Speaking of messing it up, we finally got in touch with a group that's doing aluminum, cardboard, and plastic recycling, yay! They were down for months after the hurricane. But they came and collected a couple of weeks in a row. Unfortunately, the second week the trash men beat them to our outside recycles, grabbing our bright blue recycling can and dumping it in the truck with all the rest of the trash! It was too late - before we knew what was happening they were already moving on. We did put out the rest of our recycles from the house and the recycling people came and got it. They said they need to talk with the trash people. Here's hoping they get it together and quit messing it up!

One day we were down on the big public beach, Sun Bay, and we were talking with some very friendly young tourists from San Diego (a couple of them had lived in PR in the past). We said we'd retired, and told them a bit about our story. That's when I heard a question I almost wasn't ready for: “What did you do in the states?”. It was the first time I'd been asked what I did in 6 months of living in the islands. And it was from a tourist from the States because that's their point of reference. “What you do” is a big part of “who you are”, so people ask. But island people don't ask. It's an unwritten rule, or maybe it's just a cultural thing. What you did before you came here mostly doesn't matter, it's more important who you are in the here and now. I like that. What I did before (high tech) doesn't help much around here any way, so maybe that's the real answer. If I was a boat engine mechanic or an HVAC guy, that'd be a different story! More important on that day was when we found that the beachside refreshment stand has the best Pina Coladas around, and they will deliver to you anywhere along the big beach! 🙂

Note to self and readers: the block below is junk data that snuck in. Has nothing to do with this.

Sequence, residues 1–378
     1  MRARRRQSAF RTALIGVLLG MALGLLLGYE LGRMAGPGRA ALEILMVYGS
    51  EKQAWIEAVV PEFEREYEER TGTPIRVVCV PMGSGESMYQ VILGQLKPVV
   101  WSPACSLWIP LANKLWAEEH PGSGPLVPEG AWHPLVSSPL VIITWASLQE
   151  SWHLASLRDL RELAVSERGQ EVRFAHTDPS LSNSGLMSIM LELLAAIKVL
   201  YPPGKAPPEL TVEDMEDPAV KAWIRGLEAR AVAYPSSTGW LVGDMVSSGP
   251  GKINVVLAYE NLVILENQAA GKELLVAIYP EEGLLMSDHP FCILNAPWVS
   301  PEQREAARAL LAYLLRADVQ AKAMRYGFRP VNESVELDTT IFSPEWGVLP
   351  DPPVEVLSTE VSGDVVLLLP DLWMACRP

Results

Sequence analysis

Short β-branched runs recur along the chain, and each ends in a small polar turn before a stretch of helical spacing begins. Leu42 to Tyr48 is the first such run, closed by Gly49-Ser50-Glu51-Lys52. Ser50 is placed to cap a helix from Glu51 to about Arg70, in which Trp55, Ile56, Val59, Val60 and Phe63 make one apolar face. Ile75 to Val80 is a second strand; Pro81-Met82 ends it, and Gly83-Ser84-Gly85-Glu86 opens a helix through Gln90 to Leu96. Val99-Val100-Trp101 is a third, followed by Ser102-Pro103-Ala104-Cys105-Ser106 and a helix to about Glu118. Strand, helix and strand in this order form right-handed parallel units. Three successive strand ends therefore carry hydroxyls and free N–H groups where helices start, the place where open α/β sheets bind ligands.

Long deserted beach, beautiful water
A perfect Piña Colada delivered right to your towel

More good news, we found a new beach! We think it's called Playa Cofi. The sand is reddish colored and there are great views of the mainland mountains, the harbor in town, the ferry dock, the homes and businesses up on the hillside. The beach is a few hundred yards long and is nearly deserted (one lone guy walked down the beach the first day we were there). We find lots of seaglass and Deb makes pretty artwork from it. We walk the sand, climb the rocks at the ends, and sit in the tidal pools, buffered from waves by a line of rocks. I didn't think we could swim it until I saw two teenage boys snorkeling there on our second visit. I don't know if I can fish it because I may just catch a bunch of those rocks, but I'm going to try. And if not, it's beautiful nonetheless.

Town in the distance across the water